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Coral Bleaching

By: Maimuna Abdul, Sami Rehman, Syed Zulfaqar and Philip Zbozny

Philip Zbozny

on 22 November 2012

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Transcript of Coral Bleaching

Coral Bleaching By: Maimuna Abdul, Sami Rehman, Syed Zulfaqar and Philip Zbozny What is a Coral Reef? ... are massive structures composed of limestone deposited by living organisms known as coral/ coral polyps http://flowergarden.noaa.gov/education/coralbasics.html *A single coral polyp Coral exist as... Hard Coral: grow in colonies + architects of coral reefs
create skeletons out of calcium carbonate (limestone)
require algae zooxanthellae for survival (zo-zan-THEL-ee) Soft Coral: soft, bendy, resemble plants http://en.wikipedia.org/wiki/File:Pink_soft_coral_Nick_Hobgood.jpg http://underwater.com.au/image/id/1067 Coral Reefs support ~25% marine species Home to 4,000 species of fish, 700 different corals and thousands of plants and other animals! Coral Reefs can be found in 100 different countries around the globe including Eastern, Western and Central Pacific waters, the Caribbean and the Indian Ocean!!! http://en.wikipedia.org/wiki/File:World_Map_FIVB.png Great barrier Reef
- Queensland Australia - typically found in shallow waters within tropics
- ecologically, economically + culturally sig.
- "hot-spots" of biodiversity + important for fisheries and tourism http://www.bayactionplan.com/2011/02/comparing-chesapeake-bay-and-great-barrier-reef/ ...the result of the disruption of symbioses between the coral hosts + photosynthetic endosymbionts (zooxanthellae) whitening of the coral reef results... http://www.phoenixislands.org/bleaching.html Recorded since 1970-1980s
a growing concern for ecosystems
sparking study + observation Causes of Coral Bleaching?! Many triggers for causing bleaching Triggers... In a laboratory bleaching can be caused by several factors... Extreme temperature change http://www.projectaware.org/blog/blueseasonbali/mar-04-12/zooxanthallae-adapt-temperatures Solar light Micro-organisms Pollution Majority of the world’s major coral reefs have been affected by bleaching due to thermal changes Research conducted at the Houtman Abrolhos Islands
Very temperate and tropical temperature
There is an array of diversity - 184 species With increase in seawater there was a widespread of bleaching events in the Abrolhos
Summertime bleaching linked to temperature change http://en.wikipedia.org/wiki/List_of_islands_in_the_Houtman_Abrolhos Experiment conducted to see how light change affects symbiont photosynthesis

Chlorophyll tissue extracted from zooxanthella and subjected to different light frequencies http://www.lizasreef.com/HOPE%20FOR%20THE%20OCEANS/coral_reef_ecology.htm Overall result was that the affects of light vary among dinoflagellates High exposure to UV results in more photosynthesis which can in turn result in bleaching http://jeanninezito.blogspot.ca/2011/04/mr-sun.html Bacteria can also result in bleaching 1993 rod shaped bacteria found attached to the bleached zone of a coral Samples collected from the Mediterranean and cream colored bacteria on all of the bleached ones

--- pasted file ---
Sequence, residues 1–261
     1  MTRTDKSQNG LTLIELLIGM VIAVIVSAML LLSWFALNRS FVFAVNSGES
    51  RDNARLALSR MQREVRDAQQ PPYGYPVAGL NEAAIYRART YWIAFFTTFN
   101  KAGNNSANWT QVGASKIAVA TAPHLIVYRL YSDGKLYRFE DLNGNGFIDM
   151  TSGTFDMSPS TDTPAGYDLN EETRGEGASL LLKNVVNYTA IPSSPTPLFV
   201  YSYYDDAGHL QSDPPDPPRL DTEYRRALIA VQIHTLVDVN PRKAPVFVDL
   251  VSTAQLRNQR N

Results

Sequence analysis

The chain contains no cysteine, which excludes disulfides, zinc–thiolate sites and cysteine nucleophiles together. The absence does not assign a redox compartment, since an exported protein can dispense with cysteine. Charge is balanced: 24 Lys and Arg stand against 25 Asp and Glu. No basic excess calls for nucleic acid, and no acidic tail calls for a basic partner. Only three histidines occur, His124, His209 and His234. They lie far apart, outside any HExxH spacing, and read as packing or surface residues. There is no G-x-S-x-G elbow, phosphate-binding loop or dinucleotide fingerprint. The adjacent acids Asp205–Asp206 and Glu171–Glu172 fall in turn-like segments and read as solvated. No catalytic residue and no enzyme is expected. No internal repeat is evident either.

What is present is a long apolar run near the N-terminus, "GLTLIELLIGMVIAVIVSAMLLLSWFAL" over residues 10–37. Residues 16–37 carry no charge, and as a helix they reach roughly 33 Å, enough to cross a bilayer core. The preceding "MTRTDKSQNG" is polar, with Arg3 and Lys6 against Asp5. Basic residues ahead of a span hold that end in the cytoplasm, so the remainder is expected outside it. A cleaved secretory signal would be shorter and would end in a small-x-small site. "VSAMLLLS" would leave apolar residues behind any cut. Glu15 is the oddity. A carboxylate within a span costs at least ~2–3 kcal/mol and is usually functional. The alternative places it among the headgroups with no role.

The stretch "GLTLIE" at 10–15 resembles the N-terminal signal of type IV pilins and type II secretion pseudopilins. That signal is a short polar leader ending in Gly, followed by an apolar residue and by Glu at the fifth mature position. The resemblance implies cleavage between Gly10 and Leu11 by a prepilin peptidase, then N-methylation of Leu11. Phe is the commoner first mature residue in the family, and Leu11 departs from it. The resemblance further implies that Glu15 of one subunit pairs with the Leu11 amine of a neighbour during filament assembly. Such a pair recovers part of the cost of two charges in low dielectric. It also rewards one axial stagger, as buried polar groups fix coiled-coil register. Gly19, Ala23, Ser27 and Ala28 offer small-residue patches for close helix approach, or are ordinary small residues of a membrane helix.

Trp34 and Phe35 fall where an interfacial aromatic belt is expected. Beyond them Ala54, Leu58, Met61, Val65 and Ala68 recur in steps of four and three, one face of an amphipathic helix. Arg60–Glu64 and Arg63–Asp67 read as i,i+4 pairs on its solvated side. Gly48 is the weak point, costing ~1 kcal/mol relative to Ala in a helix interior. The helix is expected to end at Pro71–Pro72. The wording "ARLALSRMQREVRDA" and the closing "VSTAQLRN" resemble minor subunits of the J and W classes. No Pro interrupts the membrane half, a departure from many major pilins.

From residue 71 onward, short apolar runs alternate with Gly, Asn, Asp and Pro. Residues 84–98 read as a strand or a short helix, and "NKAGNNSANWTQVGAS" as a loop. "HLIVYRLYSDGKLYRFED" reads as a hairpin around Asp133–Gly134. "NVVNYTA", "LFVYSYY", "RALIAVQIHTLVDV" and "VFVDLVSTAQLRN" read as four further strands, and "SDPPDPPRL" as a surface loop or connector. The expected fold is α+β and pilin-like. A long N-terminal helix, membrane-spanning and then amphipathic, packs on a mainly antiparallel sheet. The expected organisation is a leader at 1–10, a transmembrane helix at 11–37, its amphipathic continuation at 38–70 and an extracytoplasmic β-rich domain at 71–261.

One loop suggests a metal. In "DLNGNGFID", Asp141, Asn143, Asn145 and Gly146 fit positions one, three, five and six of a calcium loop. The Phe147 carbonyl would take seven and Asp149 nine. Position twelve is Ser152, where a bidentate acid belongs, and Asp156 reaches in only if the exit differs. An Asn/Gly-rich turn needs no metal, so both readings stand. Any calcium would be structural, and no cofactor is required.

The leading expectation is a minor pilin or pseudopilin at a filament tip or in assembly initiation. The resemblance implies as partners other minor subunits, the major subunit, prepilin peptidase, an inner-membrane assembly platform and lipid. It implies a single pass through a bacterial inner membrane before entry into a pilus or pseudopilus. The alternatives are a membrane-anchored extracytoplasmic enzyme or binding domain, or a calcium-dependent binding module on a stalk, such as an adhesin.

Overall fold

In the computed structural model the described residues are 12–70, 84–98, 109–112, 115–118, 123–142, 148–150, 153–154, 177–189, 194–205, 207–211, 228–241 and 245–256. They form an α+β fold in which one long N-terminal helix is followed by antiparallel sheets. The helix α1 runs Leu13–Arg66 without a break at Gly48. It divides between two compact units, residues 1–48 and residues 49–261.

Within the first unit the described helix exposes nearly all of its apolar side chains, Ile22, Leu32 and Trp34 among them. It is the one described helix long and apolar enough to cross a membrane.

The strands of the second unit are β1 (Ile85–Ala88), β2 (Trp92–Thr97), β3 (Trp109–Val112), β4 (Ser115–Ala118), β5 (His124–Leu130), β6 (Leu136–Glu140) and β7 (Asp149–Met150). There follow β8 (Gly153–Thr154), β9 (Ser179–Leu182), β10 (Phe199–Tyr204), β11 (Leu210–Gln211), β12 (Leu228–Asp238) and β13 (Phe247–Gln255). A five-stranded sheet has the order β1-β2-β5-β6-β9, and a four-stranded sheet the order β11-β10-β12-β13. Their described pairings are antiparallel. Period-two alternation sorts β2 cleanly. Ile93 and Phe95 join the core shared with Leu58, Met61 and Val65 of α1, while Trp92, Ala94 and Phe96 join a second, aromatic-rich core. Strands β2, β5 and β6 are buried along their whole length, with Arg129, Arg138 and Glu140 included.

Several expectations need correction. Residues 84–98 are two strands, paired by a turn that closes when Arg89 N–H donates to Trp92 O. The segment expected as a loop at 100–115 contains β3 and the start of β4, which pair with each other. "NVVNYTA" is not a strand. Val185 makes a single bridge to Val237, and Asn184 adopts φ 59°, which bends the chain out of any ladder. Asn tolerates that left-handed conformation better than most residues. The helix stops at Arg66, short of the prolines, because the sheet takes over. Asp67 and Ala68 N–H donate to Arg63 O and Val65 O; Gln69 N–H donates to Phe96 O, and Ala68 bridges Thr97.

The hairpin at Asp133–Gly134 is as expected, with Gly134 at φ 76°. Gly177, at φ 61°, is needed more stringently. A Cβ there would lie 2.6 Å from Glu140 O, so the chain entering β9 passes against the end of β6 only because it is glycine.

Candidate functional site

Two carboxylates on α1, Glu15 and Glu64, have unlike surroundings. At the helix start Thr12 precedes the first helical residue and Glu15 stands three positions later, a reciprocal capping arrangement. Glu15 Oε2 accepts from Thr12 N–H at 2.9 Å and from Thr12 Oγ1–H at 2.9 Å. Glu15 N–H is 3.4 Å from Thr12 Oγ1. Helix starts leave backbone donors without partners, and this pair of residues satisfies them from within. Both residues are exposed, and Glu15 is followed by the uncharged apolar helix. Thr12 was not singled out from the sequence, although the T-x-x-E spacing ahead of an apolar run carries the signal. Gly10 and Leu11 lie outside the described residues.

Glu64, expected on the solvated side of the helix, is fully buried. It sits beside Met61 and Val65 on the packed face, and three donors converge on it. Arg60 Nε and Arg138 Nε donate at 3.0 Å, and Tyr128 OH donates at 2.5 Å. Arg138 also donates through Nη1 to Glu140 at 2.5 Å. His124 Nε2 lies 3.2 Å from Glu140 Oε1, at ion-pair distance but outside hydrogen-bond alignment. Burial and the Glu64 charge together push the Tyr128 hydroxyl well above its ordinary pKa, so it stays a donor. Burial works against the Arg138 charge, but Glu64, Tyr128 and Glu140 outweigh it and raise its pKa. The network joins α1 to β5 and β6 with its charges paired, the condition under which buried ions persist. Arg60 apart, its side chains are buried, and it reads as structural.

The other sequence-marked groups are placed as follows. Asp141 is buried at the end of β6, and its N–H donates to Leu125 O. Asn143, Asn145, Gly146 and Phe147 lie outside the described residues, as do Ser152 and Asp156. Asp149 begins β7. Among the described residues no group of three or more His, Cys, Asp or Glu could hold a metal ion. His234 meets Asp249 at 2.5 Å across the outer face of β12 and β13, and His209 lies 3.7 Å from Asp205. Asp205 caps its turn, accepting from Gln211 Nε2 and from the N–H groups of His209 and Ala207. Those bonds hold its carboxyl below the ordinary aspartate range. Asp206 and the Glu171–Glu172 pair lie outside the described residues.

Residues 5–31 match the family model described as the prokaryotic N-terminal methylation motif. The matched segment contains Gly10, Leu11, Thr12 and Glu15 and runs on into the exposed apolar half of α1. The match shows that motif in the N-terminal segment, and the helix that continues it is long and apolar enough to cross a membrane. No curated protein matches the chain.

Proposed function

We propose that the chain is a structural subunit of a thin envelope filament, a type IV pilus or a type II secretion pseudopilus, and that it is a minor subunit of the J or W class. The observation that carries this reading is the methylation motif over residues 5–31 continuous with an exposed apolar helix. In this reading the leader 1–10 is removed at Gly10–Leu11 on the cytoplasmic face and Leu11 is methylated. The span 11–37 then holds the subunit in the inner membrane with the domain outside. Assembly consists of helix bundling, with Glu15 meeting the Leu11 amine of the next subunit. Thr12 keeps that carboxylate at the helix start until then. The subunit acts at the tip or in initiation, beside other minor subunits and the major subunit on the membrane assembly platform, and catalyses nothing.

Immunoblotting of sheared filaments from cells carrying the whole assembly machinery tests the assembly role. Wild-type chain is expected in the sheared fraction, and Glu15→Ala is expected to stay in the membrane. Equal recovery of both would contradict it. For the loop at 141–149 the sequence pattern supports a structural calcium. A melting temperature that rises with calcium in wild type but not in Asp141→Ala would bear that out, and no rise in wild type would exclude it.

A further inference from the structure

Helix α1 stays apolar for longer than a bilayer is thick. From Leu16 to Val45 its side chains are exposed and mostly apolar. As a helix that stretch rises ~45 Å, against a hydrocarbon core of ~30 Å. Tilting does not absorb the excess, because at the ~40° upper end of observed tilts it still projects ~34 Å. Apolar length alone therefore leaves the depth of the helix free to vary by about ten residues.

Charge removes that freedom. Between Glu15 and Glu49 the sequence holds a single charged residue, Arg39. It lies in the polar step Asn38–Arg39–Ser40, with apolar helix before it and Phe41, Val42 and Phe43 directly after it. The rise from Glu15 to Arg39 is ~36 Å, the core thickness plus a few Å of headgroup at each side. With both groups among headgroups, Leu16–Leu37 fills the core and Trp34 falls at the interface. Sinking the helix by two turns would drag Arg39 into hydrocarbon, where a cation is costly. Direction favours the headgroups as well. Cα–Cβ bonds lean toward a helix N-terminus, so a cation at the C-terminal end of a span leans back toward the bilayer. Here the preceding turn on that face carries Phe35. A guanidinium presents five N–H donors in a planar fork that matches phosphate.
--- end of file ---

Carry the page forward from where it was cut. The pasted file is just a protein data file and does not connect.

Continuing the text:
Absent from the unbleached Many different types of exp. conducted - resulted in bacteria causing bleaching
Bacteria placed on a healthy coral in a sterile environment
Bacteria placed on two healthy corals and antibiotics given to one Sunscreen (Pollution)
Pollution is a recent cause discovered for bleaching
Compounds of sunscreen destroy the dinoflagellates on the coral causing them to bleach http://fitnessandfrozengrapes.com/2012/06/21/5-smart-tips-to-stay-cool-during-your-workout/ Conservation in a changing climate require pragmatic conservation actions informed by sitespecific understanding of susceptibility to climate change and capacity of societies to cope with and adapt to change.
Building of large reserves protects biodiversity which enhances the maintenance of genetic diversity. Loss of genetic diversity can decrease population viability (through genetic drift and inbreeding) and decrease the ability to adapt to a changing environment. 1. Marine protected area/ Coral reserves Great Barrier Reef Marine Park (GBRMP), Queensland, Australia (image from reference) Reserve consideration: a) Reserve location
Rich in biodiversity, resilience (resilience population can save others) b) Reserve size
Larger are better (can sustain multiple species, conserve genetic diversity) c) Reserve spacing
Close enough to ensure connectivity, prevent risk of wide-spread damages 2. Satellite and in situ temperature observations Increased the ability to detect anomalous and persistent warm water and are being widely used to predict climate change, coral bleaching and mortality. Identification of ‘bleaching hotspot’ Hotspot evolution in the western Indian Ocean in 1998 and 2005. (image from reference) Site specification enable the study of reef recovery after past bleaching events
Act as an early warning system 3. Conservation genetics seek for a better understanding of the resilience of corals reefs; that is, how much they can absorbed, and recovered from, before ecosystem functions are lost. http://www.psypost.org/2012/08/remaking-history-a-new-take-on-how-evolution-has-shaped-modern-europeans-13350 Emphasize: